General Principles in Evaluating Reasonableness

A few general principles may be gleaned from the recent decisions in which courts have addressed whether an employee’s request for leave is a reasonable accommodation under the ADA:

  • An employee’s request for indefinite leave is not a reasonable accommodation.

  • An employee’s request for a determinate leave, which provides the expected duration of the impairment, may be a reasonable accommodation absent an undue hardship.

  • Leave that has no reasonable prospect of enabling the employee to work in the foreseeable future is not a reasonable accommodation.

  • An employee’s own statements that she expects to be able to return to work within a certain period of time are insufficient to substantiate leave, especially if the statements conflict with medical documentation (i.e., physician states date of return is unknown but employee states that she expects to return to work within 3 months).

  • Repeated extensions of leave requests, including successive requests for short periods of leave, can be tantamount to a request for indefinite leave, and therefore, an unreasonable accommodation.

Best Practices   

Employers should consider the following course of action with regard to any employee who requests leave or extended leave as an accommodation for a medical condition: 

  • Conduct an individualized assessment. Employers should ensure that they conduct an individualized assessment of the facts when examining an employee’s request for leave as a reasonable accommodation.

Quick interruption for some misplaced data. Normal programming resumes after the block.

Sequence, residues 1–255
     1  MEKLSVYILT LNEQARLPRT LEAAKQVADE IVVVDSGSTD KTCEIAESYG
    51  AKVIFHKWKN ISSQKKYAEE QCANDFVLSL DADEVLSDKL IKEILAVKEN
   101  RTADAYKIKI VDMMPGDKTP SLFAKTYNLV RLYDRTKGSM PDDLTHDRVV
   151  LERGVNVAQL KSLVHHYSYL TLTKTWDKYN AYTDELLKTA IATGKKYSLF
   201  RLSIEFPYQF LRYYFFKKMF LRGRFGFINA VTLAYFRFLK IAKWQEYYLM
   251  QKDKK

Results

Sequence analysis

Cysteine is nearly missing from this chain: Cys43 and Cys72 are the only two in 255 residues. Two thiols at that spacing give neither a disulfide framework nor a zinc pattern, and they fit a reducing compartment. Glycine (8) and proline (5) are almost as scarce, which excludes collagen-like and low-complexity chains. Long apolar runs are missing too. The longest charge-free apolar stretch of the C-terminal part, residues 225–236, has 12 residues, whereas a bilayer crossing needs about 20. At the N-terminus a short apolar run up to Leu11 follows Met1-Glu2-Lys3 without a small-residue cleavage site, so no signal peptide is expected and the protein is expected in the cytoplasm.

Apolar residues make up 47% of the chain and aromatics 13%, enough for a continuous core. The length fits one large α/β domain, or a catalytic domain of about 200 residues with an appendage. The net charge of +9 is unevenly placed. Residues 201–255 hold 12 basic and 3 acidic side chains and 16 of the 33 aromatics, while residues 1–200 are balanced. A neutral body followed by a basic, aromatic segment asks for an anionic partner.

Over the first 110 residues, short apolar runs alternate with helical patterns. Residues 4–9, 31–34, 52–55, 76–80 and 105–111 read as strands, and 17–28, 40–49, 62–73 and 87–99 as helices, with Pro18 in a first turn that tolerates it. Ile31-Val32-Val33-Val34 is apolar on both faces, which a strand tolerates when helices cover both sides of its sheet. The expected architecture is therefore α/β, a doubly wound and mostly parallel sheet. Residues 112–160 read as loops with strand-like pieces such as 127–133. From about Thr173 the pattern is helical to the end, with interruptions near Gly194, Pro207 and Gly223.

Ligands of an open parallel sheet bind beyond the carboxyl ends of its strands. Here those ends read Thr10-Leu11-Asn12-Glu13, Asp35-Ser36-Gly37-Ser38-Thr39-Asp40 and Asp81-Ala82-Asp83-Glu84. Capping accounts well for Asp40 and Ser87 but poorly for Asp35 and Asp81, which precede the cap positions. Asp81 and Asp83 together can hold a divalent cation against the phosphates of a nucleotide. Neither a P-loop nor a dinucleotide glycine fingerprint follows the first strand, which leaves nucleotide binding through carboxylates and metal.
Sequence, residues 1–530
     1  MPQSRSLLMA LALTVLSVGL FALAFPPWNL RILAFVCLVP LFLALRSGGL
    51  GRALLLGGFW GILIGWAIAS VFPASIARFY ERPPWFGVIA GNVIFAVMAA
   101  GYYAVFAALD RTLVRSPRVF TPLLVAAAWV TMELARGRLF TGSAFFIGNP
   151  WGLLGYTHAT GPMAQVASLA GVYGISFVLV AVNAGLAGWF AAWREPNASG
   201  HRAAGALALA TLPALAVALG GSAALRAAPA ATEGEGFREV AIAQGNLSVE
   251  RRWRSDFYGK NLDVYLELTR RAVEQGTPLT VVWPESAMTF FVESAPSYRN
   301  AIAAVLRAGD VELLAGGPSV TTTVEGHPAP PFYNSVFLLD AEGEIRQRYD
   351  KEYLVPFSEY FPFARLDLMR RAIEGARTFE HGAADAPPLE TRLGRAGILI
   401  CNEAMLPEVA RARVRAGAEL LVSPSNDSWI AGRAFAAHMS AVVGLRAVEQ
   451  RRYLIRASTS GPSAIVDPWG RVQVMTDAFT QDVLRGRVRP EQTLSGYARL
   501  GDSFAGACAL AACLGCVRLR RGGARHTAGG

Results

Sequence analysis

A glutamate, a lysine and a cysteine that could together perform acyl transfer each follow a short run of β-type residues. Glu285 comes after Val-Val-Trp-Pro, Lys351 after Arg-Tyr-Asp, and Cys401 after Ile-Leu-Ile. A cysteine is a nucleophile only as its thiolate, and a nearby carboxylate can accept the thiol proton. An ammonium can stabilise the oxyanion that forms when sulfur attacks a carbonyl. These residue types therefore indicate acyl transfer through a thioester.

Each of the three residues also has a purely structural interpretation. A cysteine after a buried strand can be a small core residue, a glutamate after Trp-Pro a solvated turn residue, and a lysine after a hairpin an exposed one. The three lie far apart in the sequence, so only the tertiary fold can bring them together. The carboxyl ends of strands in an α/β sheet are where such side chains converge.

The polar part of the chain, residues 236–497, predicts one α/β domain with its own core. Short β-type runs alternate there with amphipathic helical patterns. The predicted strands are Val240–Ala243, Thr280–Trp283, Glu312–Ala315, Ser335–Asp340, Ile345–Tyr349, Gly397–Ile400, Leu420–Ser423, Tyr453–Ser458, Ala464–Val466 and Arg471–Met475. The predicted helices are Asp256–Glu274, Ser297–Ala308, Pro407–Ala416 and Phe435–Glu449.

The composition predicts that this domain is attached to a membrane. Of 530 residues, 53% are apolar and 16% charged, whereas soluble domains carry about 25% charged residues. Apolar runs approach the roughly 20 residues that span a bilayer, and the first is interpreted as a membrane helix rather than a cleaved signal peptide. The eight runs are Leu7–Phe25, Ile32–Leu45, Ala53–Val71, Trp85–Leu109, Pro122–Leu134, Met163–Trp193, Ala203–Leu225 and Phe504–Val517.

• Engage the employee in the ADA’s interactive process. Employers should maintain clear lines of communication with employees on leave who request accommodations. Communication should address: 1) the employee’s ability to perform her job; 2) whether the employee likely will be able to return to work and when; 3) whether there are other accommodations to enable the employee to return to work; and 4) whether the employee has provided any supporting medical documentation.
  • Utilize an application for extended leave which includes a request for supporting medical documentation. An employer may deny leave if the employee fails to present requested medical documentation that the employee can return to work in the foreseeable future. If the available medical evidence indicates that the employee cannot currently perform the job but will be able to perform by some specified date in the near future, the employer should place or continue the employee on extended leave, absent an undue hardship determination.
  • Document the undue hardship analysis. If applicable, analyze and document how the requested leave of absence poses an undue hardship to the business (i.e., significant losses in productivity; deferred projects; increased stress on overburdened co-workers).
  • Make the process transparent. Implement a comprehensive policy that outlines the reasonable accommodation process and include it in the employee handbook.

As with all ADA cases, whether leave is a reasonable accommodation in a particular case depends on the factual situation and how the leave will affect both the employer and the employee. 

Adapted from: Employee Medical Leave: The Reasonableness Conundrum (Joseph J. Centeno & Tiffani L. McDonough), The Legal Intelligencer Labor & Employment Supplement (June 12, 2012).

 

Topics:  ADA, Disability, Employee Rights, Employer Liability Issues, Employer Mandates, FMLA, Paid Leave, Reasonable Accommodation, Reasonableness Factors, Unpaid Leave

Published In: Civil Rights Updates, Labor & Employment Updates

DISCLAIMER: Because of the generality of this update, the information provided herein may not be applicable in all situations and should not be acted upon without specific legal advice based on particular situations.